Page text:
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An exhibition curated by Sharon Kivland for the Mead Gallery, Warwick Arts Centre, University of Warwick.

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Etienne Bossut, Pavel Buchler, Juan Cruz, Gareth Fisher, Rodney Graham, Lucy Harrison, Sharon Kivland, Jaspar Joseph-Lester, Selma Makela, Charlie Youle and Bevis Martin, Simon Morris, Sergei Pankejeff, Alexandre Ponomarev, Jean-Jacques Rullier, John Stezaker, Benjamin Swaim, Julie Westerman

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The exhibition also features drawings by Francis Fowler and Francis-Baptiste Haselden and items from the collections of the Freud Museum, London and the University of Warwick.

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Curated by the artist Sharon Kivland, this exhibition explores the concept of ‘Nachtraglichkeit’, the term employed by Sigmund Freud to describe the phenomena of ‘deferred action, where impressions, experiences or memory traces gain significance as a result of re-experiencing the event. The term ‘afterwardsness’ was developed by the French psychoanalyst Jean Laplanche, who honed Freud’s concept to address the time structure of trauma – the afterwardsness of unconscious childhood memories.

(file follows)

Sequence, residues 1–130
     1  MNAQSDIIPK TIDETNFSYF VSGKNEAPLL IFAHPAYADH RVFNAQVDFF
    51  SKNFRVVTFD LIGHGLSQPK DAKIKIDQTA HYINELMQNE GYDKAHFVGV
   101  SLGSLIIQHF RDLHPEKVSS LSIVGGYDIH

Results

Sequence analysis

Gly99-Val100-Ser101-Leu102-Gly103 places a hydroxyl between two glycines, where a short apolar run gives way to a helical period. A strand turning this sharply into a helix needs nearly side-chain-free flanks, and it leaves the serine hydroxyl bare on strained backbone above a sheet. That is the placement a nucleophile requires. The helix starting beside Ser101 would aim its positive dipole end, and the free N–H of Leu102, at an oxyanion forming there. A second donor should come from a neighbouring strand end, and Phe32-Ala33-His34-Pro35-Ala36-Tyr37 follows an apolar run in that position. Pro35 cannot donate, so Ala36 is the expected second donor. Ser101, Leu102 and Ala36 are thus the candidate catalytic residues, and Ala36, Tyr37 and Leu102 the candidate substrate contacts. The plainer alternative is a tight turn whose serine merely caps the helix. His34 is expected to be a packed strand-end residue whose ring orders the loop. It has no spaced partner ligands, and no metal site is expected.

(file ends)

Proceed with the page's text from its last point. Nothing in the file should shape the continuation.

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Kivland’s exhibition articulates Nachtraglichkeit, in the arrangement – or retranscription – of a number of works of art and objects. Pivotal to the exhibition is the painting ‘The Wolfman’ by Sergei Pankejeff, one of Freud’s patients, which belongs to the Freud Museum in London. It depicts Pankejeff’s childhood ‘wolf dream’ of lying in bed and seeing the window open of its own accord to show some white wolves sitting on the walnut tree opposite the window. Freud used this dream to assert the validity of psycho-analysis to examine childhood traumas embedded in the unconscious. The exhibition takes its form around this painting, shifting between what may seem to be landscapes (or their reconstructions), memories (or their rearticulations and representations), and the play between the future, the past and the present in the unconscious.

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